The No Pricing Manifesto

Shifting focus back on product, not bottom-line

Today, we’re taking a pledge regarding our pricing. Something we feel makes sense considering our progress so far. It’s a bold move, but one that’s been carefully thought out:

We’re making Forest free to use, for everyone, with no limitations whatsoever.

The present Manifesto aims to serve as a profound engagement to our developer friends, as we focus now more than ever on building a community from the ground up. In doing so, we want to empower your new companies, side projects, MVPs, apps, and upcoming unicorns with a powerful admin interface.

Taking stock of our progress so far

We had been thinking about experimenting with our pricing for some time. This reflexion started as we realized most of our prospects never really got why they had to pay for our solution. That’s mostly because we were asking them to before they really had a sense of the product’s value (our pricing was free during implementation, but as soon as you’d invite a coworker to your admin you’d have to choose a paid plan.)

All too often, that meant the CTO or developer implementing the solution ended up being its buyer as well. The problem was that, from a technical standpoint, our solution did not deliver much more at first glance than their regular homemade admins. This led to unnecessary friction to adoption, as implementation would stall and no business user would ever see Forest in action. Indeed, as we quickly realized, our power users are mostly ops, sales, or marketers –and definitely not the tech-savvy kind.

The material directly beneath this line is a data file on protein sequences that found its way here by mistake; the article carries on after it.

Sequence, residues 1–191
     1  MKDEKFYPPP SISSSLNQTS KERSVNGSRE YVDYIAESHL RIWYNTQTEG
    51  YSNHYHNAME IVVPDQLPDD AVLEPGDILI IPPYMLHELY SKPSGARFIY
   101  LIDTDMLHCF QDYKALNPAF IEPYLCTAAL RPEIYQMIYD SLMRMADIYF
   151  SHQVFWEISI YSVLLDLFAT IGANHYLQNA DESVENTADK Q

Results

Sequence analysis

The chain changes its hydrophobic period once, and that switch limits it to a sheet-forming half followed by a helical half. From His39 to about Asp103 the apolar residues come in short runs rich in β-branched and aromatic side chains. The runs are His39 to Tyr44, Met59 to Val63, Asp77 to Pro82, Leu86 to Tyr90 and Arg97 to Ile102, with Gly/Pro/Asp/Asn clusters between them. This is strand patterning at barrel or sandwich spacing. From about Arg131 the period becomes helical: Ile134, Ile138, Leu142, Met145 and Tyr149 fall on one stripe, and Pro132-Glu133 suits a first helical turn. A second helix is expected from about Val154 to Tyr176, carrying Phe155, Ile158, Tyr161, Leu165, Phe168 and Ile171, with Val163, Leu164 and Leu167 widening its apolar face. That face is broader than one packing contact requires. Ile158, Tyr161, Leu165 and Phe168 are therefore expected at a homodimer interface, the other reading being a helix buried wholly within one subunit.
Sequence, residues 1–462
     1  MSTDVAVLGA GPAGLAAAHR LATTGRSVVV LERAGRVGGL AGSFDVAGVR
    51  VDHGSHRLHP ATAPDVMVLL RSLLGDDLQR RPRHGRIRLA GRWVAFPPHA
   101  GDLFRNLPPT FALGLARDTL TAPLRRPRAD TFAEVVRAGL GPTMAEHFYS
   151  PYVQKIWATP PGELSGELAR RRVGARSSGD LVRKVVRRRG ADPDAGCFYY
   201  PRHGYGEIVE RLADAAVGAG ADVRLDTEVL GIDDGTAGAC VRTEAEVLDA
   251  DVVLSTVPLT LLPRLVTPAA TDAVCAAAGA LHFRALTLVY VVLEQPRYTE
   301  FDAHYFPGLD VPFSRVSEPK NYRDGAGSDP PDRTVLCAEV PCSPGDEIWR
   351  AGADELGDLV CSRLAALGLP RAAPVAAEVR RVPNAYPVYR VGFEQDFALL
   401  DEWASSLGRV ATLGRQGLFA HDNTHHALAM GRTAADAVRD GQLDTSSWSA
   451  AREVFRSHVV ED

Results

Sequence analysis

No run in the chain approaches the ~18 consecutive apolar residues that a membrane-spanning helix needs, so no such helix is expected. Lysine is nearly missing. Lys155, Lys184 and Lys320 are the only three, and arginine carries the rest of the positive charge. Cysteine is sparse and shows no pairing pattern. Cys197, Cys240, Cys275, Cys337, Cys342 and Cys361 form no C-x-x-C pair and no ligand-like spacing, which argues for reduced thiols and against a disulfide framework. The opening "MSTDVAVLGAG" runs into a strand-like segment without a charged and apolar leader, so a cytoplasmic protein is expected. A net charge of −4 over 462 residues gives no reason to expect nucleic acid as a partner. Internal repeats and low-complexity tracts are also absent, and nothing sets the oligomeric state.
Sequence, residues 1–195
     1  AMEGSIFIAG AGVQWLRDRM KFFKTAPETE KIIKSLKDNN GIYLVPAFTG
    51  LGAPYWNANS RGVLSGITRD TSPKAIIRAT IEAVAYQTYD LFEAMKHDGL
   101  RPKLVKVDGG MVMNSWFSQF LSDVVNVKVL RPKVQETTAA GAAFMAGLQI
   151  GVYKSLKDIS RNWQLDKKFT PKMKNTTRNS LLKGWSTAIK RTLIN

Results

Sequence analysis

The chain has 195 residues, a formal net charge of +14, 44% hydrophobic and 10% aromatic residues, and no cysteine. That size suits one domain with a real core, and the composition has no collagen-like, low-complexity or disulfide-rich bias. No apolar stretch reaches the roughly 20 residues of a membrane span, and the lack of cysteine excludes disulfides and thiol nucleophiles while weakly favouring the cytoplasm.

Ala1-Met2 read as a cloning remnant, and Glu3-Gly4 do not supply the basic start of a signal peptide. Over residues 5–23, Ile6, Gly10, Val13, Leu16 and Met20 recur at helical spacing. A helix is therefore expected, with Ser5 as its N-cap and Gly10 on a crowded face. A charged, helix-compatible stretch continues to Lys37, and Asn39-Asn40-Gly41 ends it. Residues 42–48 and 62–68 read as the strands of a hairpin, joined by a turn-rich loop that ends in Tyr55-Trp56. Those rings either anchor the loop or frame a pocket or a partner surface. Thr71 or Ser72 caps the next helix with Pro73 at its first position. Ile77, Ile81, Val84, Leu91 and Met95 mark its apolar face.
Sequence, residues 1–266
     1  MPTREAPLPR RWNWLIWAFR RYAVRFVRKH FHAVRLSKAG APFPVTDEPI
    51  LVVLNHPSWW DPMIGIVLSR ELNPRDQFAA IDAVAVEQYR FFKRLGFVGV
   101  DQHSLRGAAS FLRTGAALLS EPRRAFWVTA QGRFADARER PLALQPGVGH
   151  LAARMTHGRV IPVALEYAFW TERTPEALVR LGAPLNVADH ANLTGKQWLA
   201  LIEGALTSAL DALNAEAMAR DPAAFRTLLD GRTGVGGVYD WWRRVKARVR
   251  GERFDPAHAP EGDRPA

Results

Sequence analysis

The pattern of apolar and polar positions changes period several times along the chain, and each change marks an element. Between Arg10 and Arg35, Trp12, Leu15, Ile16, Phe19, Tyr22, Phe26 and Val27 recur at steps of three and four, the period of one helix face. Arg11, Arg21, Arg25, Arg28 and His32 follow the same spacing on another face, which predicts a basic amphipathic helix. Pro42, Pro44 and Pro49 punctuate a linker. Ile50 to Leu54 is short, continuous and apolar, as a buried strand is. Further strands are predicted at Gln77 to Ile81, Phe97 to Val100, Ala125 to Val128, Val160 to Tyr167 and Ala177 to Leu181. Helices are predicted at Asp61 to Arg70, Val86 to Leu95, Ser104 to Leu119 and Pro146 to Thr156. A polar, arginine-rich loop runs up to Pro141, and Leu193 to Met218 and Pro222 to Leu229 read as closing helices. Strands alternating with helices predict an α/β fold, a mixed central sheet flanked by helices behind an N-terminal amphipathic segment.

Our buyer persona being twofold, we had to appeal to the inner geeks of CTOs while at the same time selling CEOs/COOs on the added-value of our seamless UI/UX. We figured we could solve this issue with a more aggressive free tier. That would delay the buying decision, while allowing end users to try Forest and effectively see its magic.

Going after the bigger fish

What we’re trying to achieve is often referred to as a soft-lock: a situation where customers stay, not because they’re forced to by heavy contracts, but rather because we continuously deliver on our value proposition: to make their internal operations a breeze.

As such, we’ve actually already proven we were able to create and –most importantly– capture value with our early pilots and customers. Once we’ve got them set up, they all agree on how much time it’s freed up their teams, and they’re definitely not looking back to the days it was all done by hand.

That’s undeniably a comfortable position to be in; since we’re confident in our product and long term vision, got actual businesses to pay for it, and are seeing a growing amount of interest from bigger, more established companies.

Yet, for the ambitious startup that we are, that’s not enough. We’re the first company to move your admin interface to the cloud. So, why would we sell ourselves short by trying to turn up a small profit early on, while we could focus on market-wide adoption and make money on the bigger players?

Those are the ones that have an operation complex enough that our product will make a real difference. To those companies, Forest will always be cheaper compared to the cost of developing and maintaining a back-office.

Brainstorming time

With that in mind, we went back to the drawing board. We discussed pricing ideas, from the most basic to the more eccentric. We had passionate, opinionated –even heated– arguments on the advantages of pricing per usage rather than per seat, among others. We never reached one single setting that would objectively be better. Doing so, we always kept our current and future users in mind, trying to find what would make the most sense to them.